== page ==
Feature Article - January/February 2019

The Impact of Incentives on Organizational Change

Rewards & Recognition Help Smooth Transitions

By Brian Summerfield


The great business management thinker Peter Drucker is credited with saying, "Culture eats strategy for breakfast." While there's some debate over whether he actually said that, that phrase has still become something of a mantra in the business world. That's because it perfectly captures the essence of a big challenge for organizations: change.

The Drucker quote identifies the major obstacle to any changes in the strategic direction of a company—that is, its current culture and the people who comprise it. Employees are used to a certain way of doing things. They know who they're working with, what tasks they're responsible for and what they can expect, and they probably perform well within that setting.

From the employees' perspective, any significant changes threaten to upend all that, meaning they'll potentially spend the next few months (or perhaps years) getting back to the comfortable state they're currently in. Even when changes are rolled out thoughtfully, some of them will passively or actively resist those. If they aren't rolled out thoughtfully, it could lead to something much worse.

Organizations can change, of course. They do it all the time. And there are several approaches companies can take to drive those changes more effectively. Establishing clear priorities is one. Piloting new programs is another. And interestingly, a recent article from the Harvard Business Review ("Research: To Get People to Embrace Change, Emphasize What Will Stay the Same," Aug. 15, 2018) said that emphasizing continuity—and particularly how the critical elements of the company will remain the same during and after the change—is a very effective way of getting employees to accept that change. To put it another way, it's the tribute that strategy pays to culture.

As incentives practitioners know, rewards and recognition are another tool in the toolkit for getting employees to buy into organizational changes. They're the "dangling carrot" that can provide employees with some extra motivation to try new things they're uncertain about. It shouldn't come as any surprise that people will generally put in more effort if they have a chance to win a new purse, golf club, television or high-end cookware, as well as be recognized for going the extra mile.

That said, rewards and recognition must be applied conscientiously when it comes to change. It isn't enough to just assume one kind of program or prize will work as well as the next. To find out how to use incentives to help drive change, keep reading.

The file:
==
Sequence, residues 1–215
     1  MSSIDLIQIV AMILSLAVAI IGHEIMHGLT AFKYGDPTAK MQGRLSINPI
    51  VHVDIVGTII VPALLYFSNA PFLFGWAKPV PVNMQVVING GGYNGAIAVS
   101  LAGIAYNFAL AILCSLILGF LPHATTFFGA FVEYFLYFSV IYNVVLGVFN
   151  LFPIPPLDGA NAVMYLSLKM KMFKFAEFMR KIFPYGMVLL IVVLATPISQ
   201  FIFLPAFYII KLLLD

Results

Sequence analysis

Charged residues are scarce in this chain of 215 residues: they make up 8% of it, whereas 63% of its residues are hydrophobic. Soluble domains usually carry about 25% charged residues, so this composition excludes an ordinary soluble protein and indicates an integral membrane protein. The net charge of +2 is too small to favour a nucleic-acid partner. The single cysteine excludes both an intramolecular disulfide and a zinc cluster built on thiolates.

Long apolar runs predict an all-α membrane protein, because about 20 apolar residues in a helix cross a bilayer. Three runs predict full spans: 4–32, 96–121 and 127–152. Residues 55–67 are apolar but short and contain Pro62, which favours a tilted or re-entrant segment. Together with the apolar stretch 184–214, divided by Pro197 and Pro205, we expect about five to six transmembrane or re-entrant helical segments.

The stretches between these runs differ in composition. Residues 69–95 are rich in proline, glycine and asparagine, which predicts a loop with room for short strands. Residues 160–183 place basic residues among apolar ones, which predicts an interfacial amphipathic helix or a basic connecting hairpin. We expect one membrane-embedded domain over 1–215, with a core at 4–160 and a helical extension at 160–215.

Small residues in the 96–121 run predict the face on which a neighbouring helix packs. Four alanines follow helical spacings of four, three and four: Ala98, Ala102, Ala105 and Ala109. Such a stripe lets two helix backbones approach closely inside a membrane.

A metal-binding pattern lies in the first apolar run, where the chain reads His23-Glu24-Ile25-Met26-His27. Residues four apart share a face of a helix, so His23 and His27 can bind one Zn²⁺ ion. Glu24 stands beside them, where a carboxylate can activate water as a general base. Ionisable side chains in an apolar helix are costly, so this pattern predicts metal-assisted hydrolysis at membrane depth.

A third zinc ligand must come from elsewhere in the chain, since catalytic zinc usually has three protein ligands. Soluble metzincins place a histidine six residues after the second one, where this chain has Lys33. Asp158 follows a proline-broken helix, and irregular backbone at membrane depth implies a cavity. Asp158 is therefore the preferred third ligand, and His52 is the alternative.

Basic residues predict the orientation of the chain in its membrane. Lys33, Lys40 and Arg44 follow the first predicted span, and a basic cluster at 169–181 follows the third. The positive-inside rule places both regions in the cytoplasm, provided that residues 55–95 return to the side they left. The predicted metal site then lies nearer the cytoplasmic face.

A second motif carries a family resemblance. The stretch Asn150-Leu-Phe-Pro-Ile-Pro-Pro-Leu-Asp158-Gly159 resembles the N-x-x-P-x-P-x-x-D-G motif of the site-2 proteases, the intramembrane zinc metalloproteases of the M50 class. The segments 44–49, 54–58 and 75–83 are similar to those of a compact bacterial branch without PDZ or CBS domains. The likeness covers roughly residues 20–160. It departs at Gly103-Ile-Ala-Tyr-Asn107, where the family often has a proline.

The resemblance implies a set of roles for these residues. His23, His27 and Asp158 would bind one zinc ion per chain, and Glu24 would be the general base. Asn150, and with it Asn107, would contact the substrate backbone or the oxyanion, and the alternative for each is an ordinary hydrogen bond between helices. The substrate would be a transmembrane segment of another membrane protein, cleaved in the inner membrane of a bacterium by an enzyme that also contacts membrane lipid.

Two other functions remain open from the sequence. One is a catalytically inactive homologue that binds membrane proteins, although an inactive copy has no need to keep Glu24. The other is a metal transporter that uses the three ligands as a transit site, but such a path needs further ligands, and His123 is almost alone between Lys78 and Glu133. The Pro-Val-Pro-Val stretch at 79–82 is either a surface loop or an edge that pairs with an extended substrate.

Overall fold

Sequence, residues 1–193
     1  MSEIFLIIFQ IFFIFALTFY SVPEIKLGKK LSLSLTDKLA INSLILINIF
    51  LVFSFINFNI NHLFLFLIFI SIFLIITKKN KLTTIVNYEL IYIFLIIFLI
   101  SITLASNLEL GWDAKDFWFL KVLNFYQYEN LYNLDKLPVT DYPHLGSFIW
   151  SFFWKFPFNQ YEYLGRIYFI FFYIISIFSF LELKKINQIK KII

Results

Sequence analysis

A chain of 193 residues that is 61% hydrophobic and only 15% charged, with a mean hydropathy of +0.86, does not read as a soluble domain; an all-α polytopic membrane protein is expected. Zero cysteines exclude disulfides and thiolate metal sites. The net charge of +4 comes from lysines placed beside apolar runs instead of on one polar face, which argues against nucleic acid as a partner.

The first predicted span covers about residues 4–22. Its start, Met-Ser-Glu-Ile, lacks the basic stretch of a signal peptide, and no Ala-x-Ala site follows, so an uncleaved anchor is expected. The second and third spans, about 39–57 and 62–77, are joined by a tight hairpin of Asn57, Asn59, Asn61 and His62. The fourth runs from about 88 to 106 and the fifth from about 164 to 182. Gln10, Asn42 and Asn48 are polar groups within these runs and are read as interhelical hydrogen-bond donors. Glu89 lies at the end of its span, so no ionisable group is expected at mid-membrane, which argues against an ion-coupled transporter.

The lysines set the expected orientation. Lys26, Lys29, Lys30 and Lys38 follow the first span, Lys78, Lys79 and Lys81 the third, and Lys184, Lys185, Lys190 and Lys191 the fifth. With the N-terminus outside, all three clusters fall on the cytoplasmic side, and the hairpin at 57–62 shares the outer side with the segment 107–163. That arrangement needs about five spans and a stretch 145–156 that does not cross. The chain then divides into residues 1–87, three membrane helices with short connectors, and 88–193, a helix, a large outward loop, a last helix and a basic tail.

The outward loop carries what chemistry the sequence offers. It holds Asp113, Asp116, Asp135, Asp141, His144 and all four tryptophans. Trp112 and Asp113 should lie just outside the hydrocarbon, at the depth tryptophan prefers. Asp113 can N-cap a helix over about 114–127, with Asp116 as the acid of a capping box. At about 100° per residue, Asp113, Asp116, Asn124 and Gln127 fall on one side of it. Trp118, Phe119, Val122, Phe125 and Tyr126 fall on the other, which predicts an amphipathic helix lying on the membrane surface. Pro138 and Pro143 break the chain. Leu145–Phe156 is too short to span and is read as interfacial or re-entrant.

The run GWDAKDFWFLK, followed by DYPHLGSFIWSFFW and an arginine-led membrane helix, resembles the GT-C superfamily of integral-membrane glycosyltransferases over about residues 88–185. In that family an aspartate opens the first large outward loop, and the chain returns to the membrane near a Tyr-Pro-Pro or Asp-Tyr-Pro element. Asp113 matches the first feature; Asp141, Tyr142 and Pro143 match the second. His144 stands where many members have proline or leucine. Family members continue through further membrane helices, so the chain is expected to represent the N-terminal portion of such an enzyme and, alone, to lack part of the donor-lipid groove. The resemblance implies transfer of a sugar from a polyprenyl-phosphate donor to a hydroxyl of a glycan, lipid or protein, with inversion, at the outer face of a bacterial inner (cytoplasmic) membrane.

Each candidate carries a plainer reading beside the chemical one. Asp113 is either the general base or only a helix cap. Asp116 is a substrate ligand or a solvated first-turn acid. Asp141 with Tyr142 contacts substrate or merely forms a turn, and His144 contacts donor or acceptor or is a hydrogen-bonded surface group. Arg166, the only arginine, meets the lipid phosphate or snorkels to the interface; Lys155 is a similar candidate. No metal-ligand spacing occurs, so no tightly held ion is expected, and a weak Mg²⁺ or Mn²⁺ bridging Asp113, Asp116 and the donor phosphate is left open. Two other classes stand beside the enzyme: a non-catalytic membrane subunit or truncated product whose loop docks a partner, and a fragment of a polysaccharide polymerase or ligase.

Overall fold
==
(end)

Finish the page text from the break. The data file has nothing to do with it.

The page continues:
Aligning to the Change

Organizations undergo many different kinds of change. Some are intentional, others are not. (For the purposes of this article, we're more interested in the former category.) These changes can include everything from planned software upgrades and updates to shifts in corporate culture. But the one common thread all of them share is that they require some shift in human behavior, said Ric Neeley, director of marketing at Hinda Incentives.

"If you're managing a rewards and recognition program and

Rewards and recognition must be applied conscientiously when it comes to change.

you hear about a new organizational initiative or change that's about to take place, that's a great time for you to start thinking about how you can help support that organizational initiative by putting together an approach to reward and recognize the people who are embracing those organizational changes," he said. "You're certainly going to want to get more people committed to your initiatives to drive those changes, especially if it's going to have an impact on finances."

As soon as you hear about an impending change, you should start thinking about that financial impact, he added. This includes both the money coming out of your budget to fund any new initiatives, as well as the potential positive effects of your program on the organization's bottom line. Being able to make a case for the latter will help build support for your program.

You should also be thinking about how to align your rewards and recognition ideas to the organization's strategy, said Susan Schierenbeck, director of plant solutions for Hinda Incentives and a Certified Recognition Professional (CRP). That means focusing on the ideal result of the change, then reverse-engineering the program to fit that.

"Any incentive is designed to drive desired outcomes," she explained. "The rules structure, the rewards system—all of it is based on what we're trying to do within the organization. If you pull back from that and think about recognition a little more holistically, recognition as a strategy—and not necessarily a program—needs to align to business objectives. Incentives programs will help organizational change initiatives succeed when recognition is aligned to reinforce them.